Presentation on theme: "In Pinellas County Fire and EMS Delivery. WHO?Multi - Jurisdictional Committee comprised of fire chiefs, financial representatives and county fire and."— Presentation transcript:
In Pinellas County Fire and EMS Delivery
WHO?Multi - Jurisdictional Committee comprised of fire chiefs, financial representatives and county fire and EMS staff WHAT?To develop a baseline of information on our EMS and Fire services. WHY?The American Assembly Process – Fire and EMS Task Force Purpose
Portfolio of Services Fire Suppression Emergency Medical Services/First Response Paramedic Ambulance Service Fire and EMS Training Public Fire and Life Safety Education/Awareness Code Enforcement and Fire Prevention Fire Investigation Communications Systems Management of Water for Fire Protection Specialized Response Teams: (Haz Mat/Tech Rescue / Marine) Emergency Management / Disaster Planning
Pinellas County’s EMS System History 1980 - Chapter 80-585, Laws of Florida created the EMS Authority. Countywide Referendum established our Countywide EMS system. 1988 - Ordinance No. 88-12 solidified the EMS system as a “Public Utility Model.” 1997/98 - Performance Contract for Paramedic First Responder Services with 18 Municipalities and Fire Districts for 10 years. 1999 - Performance Contract for Paramedic Ambulance Services, Based Upon Best Practices. Contract with ambulance provider = five years with two, three-year extensions.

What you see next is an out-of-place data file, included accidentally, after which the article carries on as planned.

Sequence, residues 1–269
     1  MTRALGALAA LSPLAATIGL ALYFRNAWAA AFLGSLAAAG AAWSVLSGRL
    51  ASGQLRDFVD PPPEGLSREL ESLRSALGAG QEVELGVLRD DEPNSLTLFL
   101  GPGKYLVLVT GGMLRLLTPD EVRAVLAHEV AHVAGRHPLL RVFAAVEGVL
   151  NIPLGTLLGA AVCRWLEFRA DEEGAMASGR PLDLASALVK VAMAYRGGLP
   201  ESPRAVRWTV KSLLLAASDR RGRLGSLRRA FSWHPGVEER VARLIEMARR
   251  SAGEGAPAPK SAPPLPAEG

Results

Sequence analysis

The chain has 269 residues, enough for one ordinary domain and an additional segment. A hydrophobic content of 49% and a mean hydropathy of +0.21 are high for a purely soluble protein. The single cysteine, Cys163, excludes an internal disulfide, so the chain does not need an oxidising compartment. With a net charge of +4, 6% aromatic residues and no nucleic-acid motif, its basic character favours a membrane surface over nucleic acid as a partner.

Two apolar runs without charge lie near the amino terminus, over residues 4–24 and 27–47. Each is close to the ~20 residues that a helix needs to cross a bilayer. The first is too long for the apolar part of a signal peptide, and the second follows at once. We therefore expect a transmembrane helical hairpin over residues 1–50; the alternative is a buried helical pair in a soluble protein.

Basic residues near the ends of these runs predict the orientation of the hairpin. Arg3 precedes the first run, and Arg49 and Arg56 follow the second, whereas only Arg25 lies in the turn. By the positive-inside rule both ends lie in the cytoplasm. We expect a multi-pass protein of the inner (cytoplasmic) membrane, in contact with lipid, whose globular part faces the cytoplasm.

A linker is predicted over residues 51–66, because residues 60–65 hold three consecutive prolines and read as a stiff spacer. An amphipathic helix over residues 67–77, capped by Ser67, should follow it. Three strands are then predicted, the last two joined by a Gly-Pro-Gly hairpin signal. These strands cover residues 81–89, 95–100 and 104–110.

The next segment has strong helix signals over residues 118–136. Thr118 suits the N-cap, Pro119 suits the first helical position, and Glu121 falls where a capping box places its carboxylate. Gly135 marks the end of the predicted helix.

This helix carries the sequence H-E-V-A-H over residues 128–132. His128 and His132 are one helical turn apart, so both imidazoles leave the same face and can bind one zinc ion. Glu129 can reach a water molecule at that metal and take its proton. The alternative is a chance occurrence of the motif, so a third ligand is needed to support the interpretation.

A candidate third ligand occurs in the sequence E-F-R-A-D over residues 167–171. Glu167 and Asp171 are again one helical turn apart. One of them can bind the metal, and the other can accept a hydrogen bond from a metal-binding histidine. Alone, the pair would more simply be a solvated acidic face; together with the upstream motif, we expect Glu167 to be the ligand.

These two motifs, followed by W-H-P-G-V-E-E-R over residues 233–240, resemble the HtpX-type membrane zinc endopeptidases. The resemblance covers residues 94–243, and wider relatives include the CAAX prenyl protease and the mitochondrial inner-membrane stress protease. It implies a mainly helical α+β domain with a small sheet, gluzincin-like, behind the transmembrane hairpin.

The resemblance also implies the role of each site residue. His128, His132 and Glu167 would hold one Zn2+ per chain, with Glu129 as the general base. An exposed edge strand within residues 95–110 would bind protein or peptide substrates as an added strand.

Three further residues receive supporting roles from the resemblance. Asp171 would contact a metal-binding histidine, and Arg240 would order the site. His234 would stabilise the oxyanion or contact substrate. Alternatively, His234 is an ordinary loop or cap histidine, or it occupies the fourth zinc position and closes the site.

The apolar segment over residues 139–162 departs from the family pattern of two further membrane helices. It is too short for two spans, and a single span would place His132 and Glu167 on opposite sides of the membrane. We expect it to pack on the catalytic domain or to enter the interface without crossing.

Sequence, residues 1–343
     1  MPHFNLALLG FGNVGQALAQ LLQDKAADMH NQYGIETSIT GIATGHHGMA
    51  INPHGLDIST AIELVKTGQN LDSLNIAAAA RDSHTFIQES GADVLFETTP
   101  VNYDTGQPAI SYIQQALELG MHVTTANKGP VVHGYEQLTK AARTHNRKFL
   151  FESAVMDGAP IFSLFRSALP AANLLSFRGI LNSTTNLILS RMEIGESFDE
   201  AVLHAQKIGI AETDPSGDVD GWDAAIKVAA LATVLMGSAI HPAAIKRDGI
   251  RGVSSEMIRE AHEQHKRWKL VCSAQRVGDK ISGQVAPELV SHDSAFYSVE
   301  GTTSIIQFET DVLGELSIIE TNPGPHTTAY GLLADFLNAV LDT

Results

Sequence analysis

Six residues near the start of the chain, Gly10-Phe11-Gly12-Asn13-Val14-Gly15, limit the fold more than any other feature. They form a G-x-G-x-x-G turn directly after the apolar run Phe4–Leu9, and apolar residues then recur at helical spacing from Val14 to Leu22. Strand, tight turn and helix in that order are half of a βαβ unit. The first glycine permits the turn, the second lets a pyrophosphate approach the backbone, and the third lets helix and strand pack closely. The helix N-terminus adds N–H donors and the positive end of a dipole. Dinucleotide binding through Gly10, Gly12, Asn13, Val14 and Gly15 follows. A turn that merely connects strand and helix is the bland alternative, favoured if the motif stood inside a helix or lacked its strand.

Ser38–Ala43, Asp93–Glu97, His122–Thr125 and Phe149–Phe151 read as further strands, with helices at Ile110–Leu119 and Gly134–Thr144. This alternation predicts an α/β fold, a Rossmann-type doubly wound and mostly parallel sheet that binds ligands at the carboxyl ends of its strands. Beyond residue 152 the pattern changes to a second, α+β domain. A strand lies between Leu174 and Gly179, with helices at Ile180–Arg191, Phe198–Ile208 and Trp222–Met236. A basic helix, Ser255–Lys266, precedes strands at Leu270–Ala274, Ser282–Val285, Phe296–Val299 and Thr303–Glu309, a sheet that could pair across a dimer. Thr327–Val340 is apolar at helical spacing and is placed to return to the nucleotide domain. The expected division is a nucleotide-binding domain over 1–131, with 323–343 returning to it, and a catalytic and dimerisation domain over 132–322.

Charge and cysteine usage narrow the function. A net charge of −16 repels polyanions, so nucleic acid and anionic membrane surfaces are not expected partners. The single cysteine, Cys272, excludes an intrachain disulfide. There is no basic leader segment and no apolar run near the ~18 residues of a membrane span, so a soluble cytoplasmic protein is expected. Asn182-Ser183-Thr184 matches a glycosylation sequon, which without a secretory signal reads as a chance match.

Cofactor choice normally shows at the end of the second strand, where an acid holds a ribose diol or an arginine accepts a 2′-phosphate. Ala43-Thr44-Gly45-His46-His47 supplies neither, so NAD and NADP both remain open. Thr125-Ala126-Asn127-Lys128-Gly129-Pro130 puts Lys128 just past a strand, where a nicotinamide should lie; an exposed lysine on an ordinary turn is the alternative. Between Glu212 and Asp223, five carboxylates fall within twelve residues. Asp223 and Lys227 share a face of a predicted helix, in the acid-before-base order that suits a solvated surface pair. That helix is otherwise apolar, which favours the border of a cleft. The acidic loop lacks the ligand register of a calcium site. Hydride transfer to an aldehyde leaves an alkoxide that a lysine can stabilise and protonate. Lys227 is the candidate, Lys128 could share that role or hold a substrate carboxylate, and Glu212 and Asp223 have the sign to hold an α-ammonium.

Pinellas County EMS System Design Achieve the best performance through: Rapid Paramedic First Responder Services Provided by Fire Departments All Paramedic Ambulance Services Provided Through Private Contractor “d/b/a Sunstar” Centralized Medical Control and Quality Improvement Centralized 9-1-1/Communications & Paramedic Emergency Medical Dispatch (EMD)
The System Today 20 Fire Agencies manage 62 Fire/EMS Stations Serve 912,639 Permanent Residents Serve 912,639 Permanent Residents Cover 280 Square Miles Cover 280 Square Miles Provide 1,340 total Personnel Provide 1,340 total Personnel 291 on duty each day 291 on duty each day 1,141 Operational Personnel (24 Hour) 1,141 Operational Personnel (24 Hour) 551 are FF/EMT’s 547 are FF/Paramedics 1 Ambulance Contractor Single countywide emergency and non-emergency ambulance service Single countywide emergency and non-emergency ambulance service Plus Critical Care and Mental Health Transport Plus Critical Care and Mental Health Transport SWAT SWAT Peak Load Staffing Peak Load Staffing 131 EMT’s 131 EMT’s 168 Paramedics 168 Paramedics
Air Ambulance 7 Helicopters are staffed in the Tampa Bay area and operated by 2 Hospitals at no cost to the system.
Single Tier, Dual Response, all Paramedic EMS System Fire Department Paramedic First Responders Respond from 60 Fire Stations in 18 EMS districts Medical Emergency Responses: 116,857 Average Responses per Day: 320 Average Responses per Station: 5.33 per day Ambulance Contractor Ambulance Responses: 156,089 Ambulance Cancellations: 49,906 Ambulance Transports: 106,183 (_____Emerg, _____Non) Average Responses per Day: 428 Average Transports per Day: 291
Fire Department EMS First Responders financed by: Ad Valorem Tax support of 0.66 Millage (1.50 Mil Cap). Taxes held flat, or reduced last eight out of nine years 10-year performance- based contract with EMS Authority. Funding based on a fixed price contract with annual increases based on MCI. Ambulance Contractor financed by: User fees (if you ride, PC bills). No tax subsidy. 5-year performance based contract with EMS Authority (option for two 3-year extensions). Reduced Liability from indemnification: vehicle accidents, purchasing, and workforce issues. Single Tier, Dual Response, all Paramedic EMS System, con’t.